Class V trailer hitches are as big as they come. These are the heavy-duty hitches made for hauling your heaviest trailers and toy haulers. Most Class V hitch receivers have a 2-1/2" receiver opening, although some have a 2" opening, and the largest even have a 3" opening (these giants are welded to the tow vehicle's frame).If you need to carry a smaller accessory with a Class V hitch, adapters are available. (Special shout-out to our B&W adapters, which are designed with pinched ends to make lining up your pin holes effortless.)Max GTW: 10,000-25,000 lbsMax TW: 1,000-4,000 lbsReceiver opening: 2", 2-1/2", or 3"
Class V Typical Loads
  • Large toy haulers
  • Equipment haulers
  • Multi-car trailers
  • Horse trailers
Large Camper Trailer
Toy Hauler
Class V Typical Tow Vehicles
  • Heavy-duty trucks
  • Commercial trucks
Class V Typical Tow Vehicles
Still have questions?Give our experts a call at 800-298-8924, or contact us online. We're happy to assist any way we can! Related ArticlesRelated ProductsUpdated On: 4/8/20

Artnav19

7/15/2023

Hi guys. I am looking for a good hitch that allow my Nissan Rogue 2022 to be more versatile when it comes to carry bikes or small trailers. With this being said I'm not sure on what decision to make. As per my manual the vehicle towing Max capacity is 1350 pounds which means the class I would be the best option. However, I saw a Class II of 2" x 2" being installed in a Rogue 2023. My question is. What if I get a Class II installed to make the vehicle more versatile? How can this affect it or make unsafe the driving experience?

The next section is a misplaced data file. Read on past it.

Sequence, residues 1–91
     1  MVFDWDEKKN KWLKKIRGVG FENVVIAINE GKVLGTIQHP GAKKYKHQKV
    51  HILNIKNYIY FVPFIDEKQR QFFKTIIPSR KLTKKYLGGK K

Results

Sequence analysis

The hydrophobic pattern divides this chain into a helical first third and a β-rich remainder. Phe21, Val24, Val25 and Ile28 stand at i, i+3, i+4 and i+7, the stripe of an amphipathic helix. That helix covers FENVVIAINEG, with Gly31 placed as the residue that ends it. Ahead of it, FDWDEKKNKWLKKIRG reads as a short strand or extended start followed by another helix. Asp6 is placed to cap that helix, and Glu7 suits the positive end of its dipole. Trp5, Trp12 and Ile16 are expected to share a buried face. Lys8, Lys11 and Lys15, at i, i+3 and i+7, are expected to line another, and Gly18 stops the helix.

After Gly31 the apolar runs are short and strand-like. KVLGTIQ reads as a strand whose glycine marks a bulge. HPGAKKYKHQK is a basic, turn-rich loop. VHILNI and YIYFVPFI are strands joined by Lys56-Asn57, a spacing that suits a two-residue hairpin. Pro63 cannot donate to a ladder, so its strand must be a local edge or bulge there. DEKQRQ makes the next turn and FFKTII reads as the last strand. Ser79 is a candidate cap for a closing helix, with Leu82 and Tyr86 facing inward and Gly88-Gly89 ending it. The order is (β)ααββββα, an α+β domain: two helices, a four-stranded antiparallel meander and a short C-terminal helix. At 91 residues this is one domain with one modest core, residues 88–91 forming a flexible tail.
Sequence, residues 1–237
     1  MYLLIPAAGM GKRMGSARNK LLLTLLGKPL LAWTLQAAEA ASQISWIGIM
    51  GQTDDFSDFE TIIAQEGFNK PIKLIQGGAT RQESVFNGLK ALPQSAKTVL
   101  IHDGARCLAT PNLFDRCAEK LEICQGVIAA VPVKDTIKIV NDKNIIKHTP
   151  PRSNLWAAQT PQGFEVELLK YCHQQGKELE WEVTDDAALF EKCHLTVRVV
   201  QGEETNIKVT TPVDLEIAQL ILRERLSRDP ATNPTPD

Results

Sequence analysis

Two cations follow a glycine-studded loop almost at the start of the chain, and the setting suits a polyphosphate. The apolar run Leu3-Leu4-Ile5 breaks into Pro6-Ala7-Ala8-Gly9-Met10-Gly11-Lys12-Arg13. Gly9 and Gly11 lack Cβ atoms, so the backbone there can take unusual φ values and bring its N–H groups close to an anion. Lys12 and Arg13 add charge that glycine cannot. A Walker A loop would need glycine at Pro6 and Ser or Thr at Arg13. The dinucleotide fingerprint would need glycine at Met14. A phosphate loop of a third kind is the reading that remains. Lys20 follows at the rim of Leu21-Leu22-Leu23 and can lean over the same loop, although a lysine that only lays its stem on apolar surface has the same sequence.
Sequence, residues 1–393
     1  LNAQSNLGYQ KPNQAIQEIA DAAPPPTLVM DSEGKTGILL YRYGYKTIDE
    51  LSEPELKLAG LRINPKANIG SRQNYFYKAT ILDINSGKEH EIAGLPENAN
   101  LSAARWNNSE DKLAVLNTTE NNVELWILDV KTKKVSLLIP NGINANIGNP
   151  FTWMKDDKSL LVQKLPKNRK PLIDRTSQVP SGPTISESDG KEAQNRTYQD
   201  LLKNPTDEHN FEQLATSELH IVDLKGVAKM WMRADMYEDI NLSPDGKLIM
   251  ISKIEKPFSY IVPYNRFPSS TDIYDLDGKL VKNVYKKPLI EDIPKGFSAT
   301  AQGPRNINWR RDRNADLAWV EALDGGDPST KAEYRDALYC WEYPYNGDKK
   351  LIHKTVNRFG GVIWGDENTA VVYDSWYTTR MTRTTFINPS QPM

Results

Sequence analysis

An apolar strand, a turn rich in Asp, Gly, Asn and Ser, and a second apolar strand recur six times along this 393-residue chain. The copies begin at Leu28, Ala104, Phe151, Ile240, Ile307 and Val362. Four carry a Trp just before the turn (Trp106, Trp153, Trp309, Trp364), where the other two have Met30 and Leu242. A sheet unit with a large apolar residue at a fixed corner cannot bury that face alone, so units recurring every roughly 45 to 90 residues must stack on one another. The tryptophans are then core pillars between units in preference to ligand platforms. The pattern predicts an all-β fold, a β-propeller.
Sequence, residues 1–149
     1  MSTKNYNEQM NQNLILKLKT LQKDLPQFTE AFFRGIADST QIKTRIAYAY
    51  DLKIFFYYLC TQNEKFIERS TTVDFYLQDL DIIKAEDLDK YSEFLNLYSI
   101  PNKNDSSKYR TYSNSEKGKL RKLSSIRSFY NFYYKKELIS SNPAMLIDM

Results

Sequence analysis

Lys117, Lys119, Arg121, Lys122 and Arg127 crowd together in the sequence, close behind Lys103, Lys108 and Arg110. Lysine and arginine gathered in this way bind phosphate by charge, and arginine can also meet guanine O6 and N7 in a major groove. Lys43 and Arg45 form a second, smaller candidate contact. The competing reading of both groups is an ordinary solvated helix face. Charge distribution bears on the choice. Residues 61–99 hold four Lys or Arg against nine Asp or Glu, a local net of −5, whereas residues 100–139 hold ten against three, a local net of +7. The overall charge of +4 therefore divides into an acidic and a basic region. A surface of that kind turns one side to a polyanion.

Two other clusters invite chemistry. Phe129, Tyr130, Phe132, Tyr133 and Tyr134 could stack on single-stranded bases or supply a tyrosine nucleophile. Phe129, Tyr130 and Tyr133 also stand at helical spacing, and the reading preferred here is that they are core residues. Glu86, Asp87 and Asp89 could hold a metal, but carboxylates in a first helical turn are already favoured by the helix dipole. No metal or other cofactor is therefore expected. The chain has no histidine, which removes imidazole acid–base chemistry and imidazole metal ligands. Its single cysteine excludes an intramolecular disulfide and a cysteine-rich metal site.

Etrailer Expert

Mike L.

8/2/2023

@Artnav19 A class III hitch has the more common 2 x 2 inch receiver, the Class II has the 1-1/4 x 1-1/4 inch receiver. We don't offer a Class I. Because the Class III style receiver is more common, you'll have a much better selection of bike racks. Installing a hitch won't have any effect on the drivability of the vehicle. For a Class III hitch, I'd recommend the Curt # C24HR. If you had your heart set on a Class II, go with the Curt # C57HR. I've linked to the hitches mentioned as well as some install videos.

Jack

7/13/2023

Need front 2” receiver hitch for 2008 Winnebago 30 ft sight seer. Please advise.

Etrailer Expert

Chris R.

8/2/2023

@Jack Your best option is going to be with a universal design like the Ultra-Fab # UF35-946403. If you have frame access at the front, this will work as long as the frame width is between 47-1/8" and 77".

Angel

5/4/2023

Have a 3" hitch on my truck and having a really hard time finding rec accessories that work without an adapter. Do you think bike racks will eventually come out made to fit this size or are adapters always in my future? Thanks.

Ken N.

4/21/2023

I have a 2023 Highlander XLE. I have a small trailer 5 x 6. I need a 2”x 2” I/D hitch. What hitch would you recommend and price.

Moses R.

11/14/2022

I have a Lexus ct200h I want to put a motorcycle with a yes I’m 800 lb trailer What type of hitch do I need

David B.

11/15/2022

Hi Moses, I need to know what year your CT200 was made so I can get you the right hitch receiver. Do you already have a wire harness and brake controller(if applicable)?